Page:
Phytophthora mexicana (to be redescribed 2022)

Name and publication

Phytophthora mexicana Hotson & Hartge (1923)

Hotson JW and Hartge L. 1923. A disease of tomato caused by Phytophthora mexicana sp. nov. Phytopathology 13: 520–531 (pg 520).





from Hotson and Hartge (1923)

Type: MEXICO, collected form fruit of tomato (Lycopersicum esculentum Mill.) in the early summer 1917. The isolate was obtained from tomato shipped from Mexico into Seattle, Washington. Transfers were made to keep it alive until 1920 at which time the cultural study was begun.

Ex-type: LOST

Well-authenticated specimen selected by Gloria Abad: 
Selected specimen #1: P0646 (WPC) = CPHST BL 24 A2 type from Solanum lycopersicum, ARGENTINA

Selected specimen in other collections

P0646 (WPC) = CBS 554.88, ATCC 46731, IMI 92550, CPHST BL 24 (Abad)

Molecular identification

Voucher sequences for barcoding genes (ITS rDNA and COI) of selected specimen (see Molecular protocols page)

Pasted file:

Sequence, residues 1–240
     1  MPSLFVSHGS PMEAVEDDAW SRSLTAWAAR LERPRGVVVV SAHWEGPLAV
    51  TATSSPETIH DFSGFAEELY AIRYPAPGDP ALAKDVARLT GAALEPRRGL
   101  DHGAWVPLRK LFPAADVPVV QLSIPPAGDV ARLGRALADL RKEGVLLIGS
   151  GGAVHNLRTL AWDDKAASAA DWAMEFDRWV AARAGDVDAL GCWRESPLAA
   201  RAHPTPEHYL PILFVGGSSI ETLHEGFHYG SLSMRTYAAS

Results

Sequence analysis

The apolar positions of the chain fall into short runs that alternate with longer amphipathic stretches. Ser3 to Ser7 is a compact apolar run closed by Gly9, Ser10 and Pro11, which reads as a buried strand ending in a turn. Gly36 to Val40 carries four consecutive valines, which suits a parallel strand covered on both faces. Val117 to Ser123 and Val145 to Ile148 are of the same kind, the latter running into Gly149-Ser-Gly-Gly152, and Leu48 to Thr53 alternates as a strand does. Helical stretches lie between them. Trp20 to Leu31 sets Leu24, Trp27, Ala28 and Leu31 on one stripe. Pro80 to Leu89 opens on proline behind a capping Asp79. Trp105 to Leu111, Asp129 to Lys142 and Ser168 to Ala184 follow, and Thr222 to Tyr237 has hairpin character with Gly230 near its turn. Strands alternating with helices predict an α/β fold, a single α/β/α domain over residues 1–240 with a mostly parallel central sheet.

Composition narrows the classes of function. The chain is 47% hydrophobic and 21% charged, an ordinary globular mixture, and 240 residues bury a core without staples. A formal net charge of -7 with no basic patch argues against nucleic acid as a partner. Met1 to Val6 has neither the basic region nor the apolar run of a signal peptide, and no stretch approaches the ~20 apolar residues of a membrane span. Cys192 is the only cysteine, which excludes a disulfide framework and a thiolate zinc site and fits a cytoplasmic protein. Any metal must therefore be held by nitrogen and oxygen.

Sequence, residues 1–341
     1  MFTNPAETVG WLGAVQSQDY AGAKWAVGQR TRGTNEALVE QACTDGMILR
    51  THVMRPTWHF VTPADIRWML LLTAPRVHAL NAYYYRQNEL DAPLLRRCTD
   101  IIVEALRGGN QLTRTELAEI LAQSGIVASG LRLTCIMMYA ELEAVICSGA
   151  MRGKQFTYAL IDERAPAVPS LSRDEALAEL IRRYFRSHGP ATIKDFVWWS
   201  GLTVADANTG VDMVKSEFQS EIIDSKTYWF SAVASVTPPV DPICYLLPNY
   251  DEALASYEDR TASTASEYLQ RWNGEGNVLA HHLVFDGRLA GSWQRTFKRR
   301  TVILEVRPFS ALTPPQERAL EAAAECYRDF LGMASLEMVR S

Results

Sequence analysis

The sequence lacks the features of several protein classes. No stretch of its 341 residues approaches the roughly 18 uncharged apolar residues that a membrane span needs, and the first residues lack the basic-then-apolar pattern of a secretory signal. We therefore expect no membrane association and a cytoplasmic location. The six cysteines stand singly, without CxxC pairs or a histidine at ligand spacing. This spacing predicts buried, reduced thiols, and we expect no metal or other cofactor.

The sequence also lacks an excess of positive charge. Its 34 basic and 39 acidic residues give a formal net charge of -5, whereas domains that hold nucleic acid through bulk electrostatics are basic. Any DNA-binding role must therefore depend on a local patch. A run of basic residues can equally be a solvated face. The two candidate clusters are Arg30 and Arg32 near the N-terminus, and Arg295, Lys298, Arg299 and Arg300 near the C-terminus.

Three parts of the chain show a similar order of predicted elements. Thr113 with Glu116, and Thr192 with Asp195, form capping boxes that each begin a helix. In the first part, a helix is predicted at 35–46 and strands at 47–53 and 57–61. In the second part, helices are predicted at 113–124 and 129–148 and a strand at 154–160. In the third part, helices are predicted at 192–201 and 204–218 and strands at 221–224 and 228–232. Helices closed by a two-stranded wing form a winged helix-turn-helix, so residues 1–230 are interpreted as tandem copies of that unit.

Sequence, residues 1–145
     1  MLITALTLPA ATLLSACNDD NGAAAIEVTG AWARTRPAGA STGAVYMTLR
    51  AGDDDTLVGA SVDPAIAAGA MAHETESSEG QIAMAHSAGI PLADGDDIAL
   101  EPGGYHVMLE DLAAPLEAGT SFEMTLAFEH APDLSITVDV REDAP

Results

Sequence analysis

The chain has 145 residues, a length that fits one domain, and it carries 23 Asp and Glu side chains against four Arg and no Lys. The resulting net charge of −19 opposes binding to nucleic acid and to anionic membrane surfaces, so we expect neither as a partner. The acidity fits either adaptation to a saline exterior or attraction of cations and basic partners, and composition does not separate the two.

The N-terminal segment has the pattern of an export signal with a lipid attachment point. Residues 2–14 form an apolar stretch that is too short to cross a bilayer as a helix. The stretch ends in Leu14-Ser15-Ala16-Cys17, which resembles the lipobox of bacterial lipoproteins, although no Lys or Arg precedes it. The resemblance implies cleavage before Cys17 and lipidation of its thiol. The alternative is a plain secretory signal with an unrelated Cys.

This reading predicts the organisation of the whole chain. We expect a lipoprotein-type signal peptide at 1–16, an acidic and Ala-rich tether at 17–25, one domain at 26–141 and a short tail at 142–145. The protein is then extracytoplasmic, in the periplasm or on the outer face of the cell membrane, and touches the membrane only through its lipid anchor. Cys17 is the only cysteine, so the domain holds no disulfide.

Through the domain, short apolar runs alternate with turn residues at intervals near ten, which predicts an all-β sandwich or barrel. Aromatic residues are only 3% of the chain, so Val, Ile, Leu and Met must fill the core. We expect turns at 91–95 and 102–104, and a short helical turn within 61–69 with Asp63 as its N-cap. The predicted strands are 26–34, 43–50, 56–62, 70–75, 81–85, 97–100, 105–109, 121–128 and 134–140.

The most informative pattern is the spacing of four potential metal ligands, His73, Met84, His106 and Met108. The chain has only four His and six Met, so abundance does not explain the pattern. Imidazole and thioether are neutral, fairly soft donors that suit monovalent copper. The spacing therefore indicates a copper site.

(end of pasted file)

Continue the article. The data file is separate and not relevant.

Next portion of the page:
Phytophthora mexicana isolate CPHST BL 24 (= P0646 WPC) = ITS rDNA MG865540, COI MH136933

Sequences for selected specimen in other sources
Position in the ITS phylogenetic tree

Clade 2b

Morphological identification

Colonies and cardinal temperatures:

Colonies on CMA, V8, and PDA xxxx. Minimum temperature for growth xx, optimum 24–27°C, and maximum 32°C.

Asexual phase

Sporangia papillate to semipapillate; persistent; ovoid, globose, irregular shape (16–33 x 16–77 µm), originated in simple and simple sympodial sporangiophores. Hyphal swellings absent. Chlamydospores occasionally produced and are globose, terminal, intercalary, and lateral.

Sexual phase

Homothallic. Oogonia terminal, smooth-walled (24–37 µm); antheridia predominantly amphigynous; oospores plerotic.

Specimen(s) evaluated

Phytophthora mexicana CPHST BL 24, duplicate of P0646 (World Oomycetes/Phytophthora Collection)

Hosts and distribution

Distribution: North America (Mexico, type); possibly introduced from the Netherlands (Erwin & Ribeiro 1996)
Substrate: fruit
Disease note: fruit rot; also black wilt and damping off
Host: Solanum lycopersicum (Solanaceae)

Retrieved January 31, 2018 from U.S. National Fungus Collections Nomenclature Database.

Additional references and links

Fact sheet author

Z. Gloria Abad, Ph.D., USDA-APHIS-PPQ-S&T Beltsville Laboratory, United States of America